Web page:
Flight Centre heralds travel as an ‘outlier’ of the spending crunch as profit rebounds

Flight Centre heralds travel as an ‘outlier’ of the spending crunch as profit rebounds

Flight Centre Travel founder and CEO Graham 'Skroo' Turner

Flight Centre Travel Group (ASX: FLT) founder and CEO Graham Turner has good reason to describe travel as an ‘outlier’ of discretionary spending in a challenging consumer market after the company posted a massive turnaround in fortunes over the past year.

The Brisbane-based company posted an $86.6 million profit for the first half of FY24, up from a $20.02 million loss a year earlier, as leisure travel took flight during the period to beat pre-COVID highs.

“At a time when discretionary budgets are typically tightening, travel remains an outlier and a priority spend for many,” says Turner.

“We are seeing ongoing solid demand for leisure and corporate travel, leading to our second-strongest start to a year in TTV (total transaction value) terms and accelerated activity in January and February, ahead of our busiest trading months.”

Turner says Flight Centre’s key strategies are ‘gaining traction and driving margin improvements’, which has led to stronger profits and shareholder return.

“Our corporate business, which has been heavily growth focussed since the start of the pandemic, has continued to grow rapidly – well above the industry’s recovery rate – while also targeting efficiency gains.

“In leisure, profits and margins are now comfortably above comparative pre-COVID levels, with the prospect of further productivity-driven improvement.”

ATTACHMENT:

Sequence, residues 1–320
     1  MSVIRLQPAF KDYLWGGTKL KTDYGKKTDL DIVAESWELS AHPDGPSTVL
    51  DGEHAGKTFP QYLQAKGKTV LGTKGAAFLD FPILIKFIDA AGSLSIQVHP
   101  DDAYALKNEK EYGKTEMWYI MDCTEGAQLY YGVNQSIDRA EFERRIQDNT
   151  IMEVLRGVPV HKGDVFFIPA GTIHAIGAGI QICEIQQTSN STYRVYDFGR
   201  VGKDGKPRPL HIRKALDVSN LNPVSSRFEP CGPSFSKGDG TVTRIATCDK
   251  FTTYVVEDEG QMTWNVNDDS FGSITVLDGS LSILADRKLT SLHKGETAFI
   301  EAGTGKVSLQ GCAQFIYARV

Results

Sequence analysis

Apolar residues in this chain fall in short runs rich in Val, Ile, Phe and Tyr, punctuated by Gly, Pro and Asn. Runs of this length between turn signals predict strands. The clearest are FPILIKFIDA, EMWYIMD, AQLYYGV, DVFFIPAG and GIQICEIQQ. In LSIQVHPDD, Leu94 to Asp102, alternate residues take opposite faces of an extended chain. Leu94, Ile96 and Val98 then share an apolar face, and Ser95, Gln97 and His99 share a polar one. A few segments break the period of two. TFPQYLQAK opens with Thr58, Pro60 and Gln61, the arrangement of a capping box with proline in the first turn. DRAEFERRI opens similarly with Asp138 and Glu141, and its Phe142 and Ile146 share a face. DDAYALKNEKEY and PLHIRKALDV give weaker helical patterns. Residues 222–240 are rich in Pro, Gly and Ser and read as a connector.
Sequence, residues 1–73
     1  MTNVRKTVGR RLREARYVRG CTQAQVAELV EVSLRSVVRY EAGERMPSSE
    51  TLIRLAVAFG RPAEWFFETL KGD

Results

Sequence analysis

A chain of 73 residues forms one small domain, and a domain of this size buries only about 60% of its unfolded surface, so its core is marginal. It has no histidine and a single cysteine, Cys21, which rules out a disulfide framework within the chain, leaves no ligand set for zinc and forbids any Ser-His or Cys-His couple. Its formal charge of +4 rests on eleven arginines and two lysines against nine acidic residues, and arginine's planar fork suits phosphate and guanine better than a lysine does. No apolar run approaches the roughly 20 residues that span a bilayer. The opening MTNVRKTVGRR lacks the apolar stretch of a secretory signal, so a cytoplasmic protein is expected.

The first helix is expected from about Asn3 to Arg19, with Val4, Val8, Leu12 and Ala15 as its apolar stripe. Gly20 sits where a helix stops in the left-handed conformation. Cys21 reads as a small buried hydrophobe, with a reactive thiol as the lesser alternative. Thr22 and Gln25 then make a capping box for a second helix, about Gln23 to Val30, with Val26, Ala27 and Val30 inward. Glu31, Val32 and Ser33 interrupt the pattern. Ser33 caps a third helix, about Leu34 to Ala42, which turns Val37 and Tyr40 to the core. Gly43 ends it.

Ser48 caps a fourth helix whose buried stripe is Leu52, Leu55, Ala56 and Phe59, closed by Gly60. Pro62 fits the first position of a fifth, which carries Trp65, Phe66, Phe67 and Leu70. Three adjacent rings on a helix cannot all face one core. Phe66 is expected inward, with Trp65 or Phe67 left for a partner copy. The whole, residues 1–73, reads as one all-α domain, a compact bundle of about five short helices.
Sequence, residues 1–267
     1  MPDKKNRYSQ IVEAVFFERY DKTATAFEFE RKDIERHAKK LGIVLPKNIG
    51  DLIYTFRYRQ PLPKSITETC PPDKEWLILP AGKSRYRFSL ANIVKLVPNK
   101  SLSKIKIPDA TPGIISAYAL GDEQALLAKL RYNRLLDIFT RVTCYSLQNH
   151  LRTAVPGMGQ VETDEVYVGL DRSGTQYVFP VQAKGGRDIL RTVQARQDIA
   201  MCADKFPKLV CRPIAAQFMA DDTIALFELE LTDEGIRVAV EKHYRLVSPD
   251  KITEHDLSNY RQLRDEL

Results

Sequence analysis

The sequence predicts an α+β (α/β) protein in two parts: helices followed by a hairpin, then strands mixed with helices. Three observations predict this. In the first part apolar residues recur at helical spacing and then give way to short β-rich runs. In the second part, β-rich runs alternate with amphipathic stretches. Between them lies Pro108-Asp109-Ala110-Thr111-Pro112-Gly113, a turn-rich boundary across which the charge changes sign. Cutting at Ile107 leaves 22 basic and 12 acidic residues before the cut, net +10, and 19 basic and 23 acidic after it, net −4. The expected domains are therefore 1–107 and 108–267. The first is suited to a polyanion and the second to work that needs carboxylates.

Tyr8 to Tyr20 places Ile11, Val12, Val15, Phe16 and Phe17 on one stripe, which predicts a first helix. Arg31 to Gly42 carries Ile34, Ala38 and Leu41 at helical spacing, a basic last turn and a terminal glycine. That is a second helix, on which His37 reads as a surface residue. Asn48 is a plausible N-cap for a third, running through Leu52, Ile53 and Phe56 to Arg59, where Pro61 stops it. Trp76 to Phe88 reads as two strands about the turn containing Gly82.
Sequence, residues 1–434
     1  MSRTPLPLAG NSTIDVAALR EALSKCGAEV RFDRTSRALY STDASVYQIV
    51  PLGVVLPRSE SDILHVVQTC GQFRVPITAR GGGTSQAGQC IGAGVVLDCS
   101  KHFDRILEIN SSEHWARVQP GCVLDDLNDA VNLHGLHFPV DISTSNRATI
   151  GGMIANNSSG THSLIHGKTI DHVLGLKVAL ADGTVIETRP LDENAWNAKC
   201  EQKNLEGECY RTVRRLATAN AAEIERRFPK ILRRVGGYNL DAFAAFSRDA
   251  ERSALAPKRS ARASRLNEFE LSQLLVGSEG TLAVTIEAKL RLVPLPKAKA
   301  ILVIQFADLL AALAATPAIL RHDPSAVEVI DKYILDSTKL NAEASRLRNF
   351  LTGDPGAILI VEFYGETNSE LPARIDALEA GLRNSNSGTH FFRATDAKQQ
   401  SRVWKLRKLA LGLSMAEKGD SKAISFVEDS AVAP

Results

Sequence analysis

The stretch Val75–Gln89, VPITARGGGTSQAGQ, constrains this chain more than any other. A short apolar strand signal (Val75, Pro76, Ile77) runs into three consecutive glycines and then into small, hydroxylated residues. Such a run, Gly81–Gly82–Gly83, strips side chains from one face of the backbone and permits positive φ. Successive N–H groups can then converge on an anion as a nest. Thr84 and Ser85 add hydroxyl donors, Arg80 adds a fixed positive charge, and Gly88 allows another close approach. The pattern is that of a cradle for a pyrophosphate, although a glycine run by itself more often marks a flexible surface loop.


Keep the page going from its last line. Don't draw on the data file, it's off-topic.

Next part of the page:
Flight Centre posted a 28.5 per cent increase in revenue to $1.2 billion for the six months to the end of December, driven by a 14.6 per cent increase in TTV to $11.32 billion.

Corporate TTV increased 16.8 per cent to a record $5.9 billion while leisure TTV increased 18 per cent to $5.2 billion.

Flight Centre delivered underlying profit before tax (PBT) of $106 million, up 565 per cent, with statutory PBT of $120 million up 756 per cent from a year earlier.

The leisure business’s $60 million underlying PBT exceeded pre-pandemic levels and was double the FY19 first half and almost 10 times greater that the equivalent period in FY20.

Profit before tax for corporate travel rose 53 per cent, aided by an improved underlying profit margin of 1.6 per cent, compared with 1.2 per cent a year earlier.

Leisure revenue growth of 33 per cent significantly outpaced Flight Centre’s 18 per cent TTV growth, with the company attributing this partly to the recovery of international travel, which typically offers higher margins.

“Looking ahead, we are well placed for the full year as we approach our busiest trading months,” says Turner.

“We have good momentum and early 2H trading has been strong. Positive lead indicators have also emerged, with international capacity expected to be almost back to pre-pandemic levels in Australia by the end of FY24 and airfare prices decreasing – by an average of 13 per cent in Australia recently and about 7 per cent globally over the 1H.”

Flight Centre has revealed that preliminary results for the current half-year are in line with expectations putting the company on track to beat the record $23.7 billion in TTV achieved in FY19.

The result is being buoyed by leisure customers prioritising travel, along with new account wins by the company's corporate business.

Flight Centre shares were trading at $20.09, down $1.64 or 7.5 per cent, at 11.54am (AEDT).

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